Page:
We’ve heard the whispers about unintentional bladder leaks from postpartum friends and older family members. Or perhaps we’ve personally dealt with constipation or lower back pain from pelvic floor dysfunction. Whether incontinence or an overactive bladder, urological conditions are prevalent among women of all ages. And yet there still remains embarrassment or shame for many surrounding these issues, which can discourage those affected from seeking help.
According to Toronsa Simpson, a nurse practitioner with CARTI Urology, there’s no reason for women to suffer in silence. These common health concerns can be addressed, often with simple lifestyle modifications or targeted therapies. To help ease the stigma, she’s breaking down the urological issues female patients report nearly every day and the treatment options that can help improve their quality of life.
The issue: Pelvic organ prolapse
The 411: The pelvic floor muscles weaken with age, as well as with childbirth, hormonal changes and weight gain. This can lead to prolapse, where organs shift from their usual positions into the vagina. Signs of potential prolapse may include pressure, pain with sexual intercourse, a weak urinary stream or urine leakage. Following an exam, a urologist may recommend pelvic floor exercises, behavioral changes like weight loss, a pessary (a supportive prosthetic device) or reconstructive surgery if the case is severe.
The issue: Recurrent urinary tract infections (UTIs)
The 411: While any woman can get a UTI, these infections occur more frequently with age due to hormonal changes and changes in pelvic floor tissue’s elasticity, which can limit the ability to empty the bladder. A urologist can provide a tailored prevention plan, which may include suppressive therapy like low-dose antibiotics or easy-to-follow measures, such as increasing water intake, urinating after intercourse, good personal hygiene, probiotics or supplements.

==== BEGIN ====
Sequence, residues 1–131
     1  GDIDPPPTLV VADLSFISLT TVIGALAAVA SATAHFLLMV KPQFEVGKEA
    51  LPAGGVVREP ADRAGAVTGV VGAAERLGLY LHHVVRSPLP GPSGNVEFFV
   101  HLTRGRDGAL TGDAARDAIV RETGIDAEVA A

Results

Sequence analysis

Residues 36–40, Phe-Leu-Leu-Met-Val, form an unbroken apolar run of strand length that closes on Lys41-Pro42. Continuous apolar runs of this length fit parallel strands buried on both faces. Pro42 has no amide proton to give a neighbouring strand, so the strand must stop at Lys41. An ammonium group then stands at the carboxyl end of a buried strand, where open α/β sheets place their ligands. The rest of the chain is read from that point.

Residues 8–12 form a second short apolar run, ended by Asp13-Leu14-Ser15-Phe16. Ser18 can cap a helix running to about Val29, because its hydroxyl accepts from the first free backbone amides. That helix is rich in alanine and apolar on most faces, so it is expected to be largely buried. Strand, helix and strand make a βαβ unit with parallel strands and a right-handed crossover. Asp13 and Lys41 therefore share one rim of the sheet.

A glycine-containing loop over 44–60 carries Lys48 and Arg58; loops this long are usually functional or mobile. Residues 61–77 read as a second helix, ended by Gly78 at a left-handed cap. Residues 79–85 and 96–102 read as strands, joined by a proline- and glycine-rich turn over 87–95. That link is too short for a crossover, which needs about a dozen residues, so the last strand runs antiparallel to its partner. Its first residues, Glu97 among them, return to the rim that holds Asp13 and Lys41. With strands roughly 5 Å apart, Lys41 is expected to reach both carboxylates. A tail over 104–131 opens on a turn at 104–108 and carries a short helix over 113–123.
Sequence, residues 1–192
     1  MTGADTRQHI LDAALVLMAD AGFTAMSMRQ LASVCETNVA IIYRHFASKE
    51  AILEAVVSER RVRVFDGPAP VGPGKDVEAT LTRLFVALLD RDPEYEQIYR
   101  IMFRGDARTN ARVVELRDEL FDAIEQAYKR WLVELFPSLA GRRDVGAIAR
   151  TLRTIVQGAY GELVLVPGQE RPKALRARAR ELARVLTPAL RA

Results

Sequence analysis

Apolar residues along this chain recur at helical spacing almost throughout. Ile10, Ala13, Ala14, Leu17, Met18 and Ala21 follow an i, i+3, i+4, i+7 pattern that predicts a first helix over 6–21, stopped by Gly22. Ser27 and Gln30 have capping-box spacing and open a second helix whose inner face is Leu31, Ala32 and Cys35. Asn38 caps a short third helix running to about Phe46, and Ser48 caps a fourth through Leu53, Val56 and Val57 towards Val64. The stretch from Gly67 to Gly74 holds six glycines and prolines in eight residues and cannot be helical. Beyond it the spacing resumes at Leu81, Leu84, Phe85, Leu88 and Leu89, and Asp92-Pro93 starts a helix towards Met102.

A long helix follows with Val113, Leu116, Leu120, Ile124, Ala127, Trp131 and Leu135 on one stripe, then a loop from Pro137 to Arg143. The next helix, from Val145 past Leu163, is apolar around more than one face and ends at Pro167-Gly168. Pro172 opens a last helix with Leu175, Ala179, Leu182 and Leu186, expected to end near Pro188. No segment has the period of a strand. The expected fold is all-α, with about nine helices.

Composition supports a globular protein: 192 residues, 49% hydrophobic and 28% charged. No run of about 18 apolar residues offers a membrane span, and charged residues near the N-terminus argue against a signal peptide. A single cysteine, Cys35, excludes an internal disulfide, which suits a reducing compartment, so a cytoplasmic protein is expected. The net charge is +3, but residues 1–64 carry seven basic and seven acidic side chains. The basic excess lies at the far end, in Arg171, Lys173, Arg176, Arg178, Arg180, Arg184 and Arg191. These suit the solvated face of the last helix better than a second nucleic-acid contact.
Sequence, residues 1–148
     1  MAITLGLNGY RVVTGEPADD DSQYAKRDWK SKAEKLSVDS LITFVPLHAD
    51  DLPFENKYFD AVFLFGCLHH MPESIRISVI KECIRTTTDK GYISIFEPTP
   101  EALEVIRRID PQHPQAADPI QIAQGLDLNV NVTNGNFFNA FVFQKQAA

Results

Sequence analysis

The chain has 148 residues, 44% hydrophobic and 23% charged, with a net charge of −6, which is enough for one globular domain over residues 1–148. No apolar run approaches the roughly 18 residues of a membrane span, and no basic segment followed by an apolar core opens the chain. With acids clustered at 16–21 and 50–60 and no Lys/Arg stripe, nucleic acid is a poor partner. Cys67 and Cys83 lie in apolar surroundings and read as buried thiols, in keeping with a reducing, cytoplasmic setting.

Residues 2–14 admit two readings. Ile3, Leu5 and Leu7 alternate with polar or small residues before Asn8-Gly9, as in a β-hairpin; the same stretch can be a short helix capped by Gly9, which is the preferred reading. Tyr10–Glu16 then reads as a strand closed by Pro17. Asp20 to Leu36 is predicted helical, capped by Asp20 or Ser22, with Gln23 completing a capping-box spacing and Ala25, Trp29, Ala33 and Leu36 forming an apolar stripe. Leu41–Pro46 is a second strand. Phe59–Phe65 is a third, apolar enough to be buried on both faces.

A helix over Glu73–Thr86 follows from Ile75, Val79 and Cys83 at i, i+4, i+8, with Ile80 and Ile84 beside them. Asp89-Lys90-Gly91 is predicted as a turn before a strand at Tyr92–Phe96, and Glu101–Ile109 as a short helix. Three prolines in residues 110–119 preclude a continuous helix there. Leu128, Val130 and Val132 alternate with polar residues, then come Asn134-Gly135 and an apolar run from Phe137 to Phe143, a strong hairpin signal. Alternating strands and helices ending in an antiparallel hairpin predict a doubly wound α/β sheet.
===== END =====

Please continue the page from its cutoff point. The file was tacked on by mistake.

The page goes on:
The issue: Urinary incontinence
The 411: Incontinence affects women of all ages. Like pelvic organ prolapse, however, it is generally more common in older patients who have experienced childbirth, menopause or weight gain. Urologists may suggest lifestyle modifications, pelvic floor physical therapy or third-line therapies, such as sacral nerve stimulation or injections of Botox into the bladder, to help minimize women’s symptoms.
The issue: Dyspareunia
The 411: Painful sexual intercourse is associated with several urogynecological and urological conditions. Seeking medical assistance for dyspareunia can lead to the diagnosis and effective treatment of interstitial cystitis (inflamed bladder), UTIs, atrophic vaginitis (thinning, drying and inflammation of the vaginal walls), pelvic floor prolapse, urethral stones, diverticulum (small bulges near the urethra), distal ureteral stones and sexually transmitted diseases, to name a few.
If you suspect a potential urological condition or are experiencing any of the above symptoms, contact your health care provider.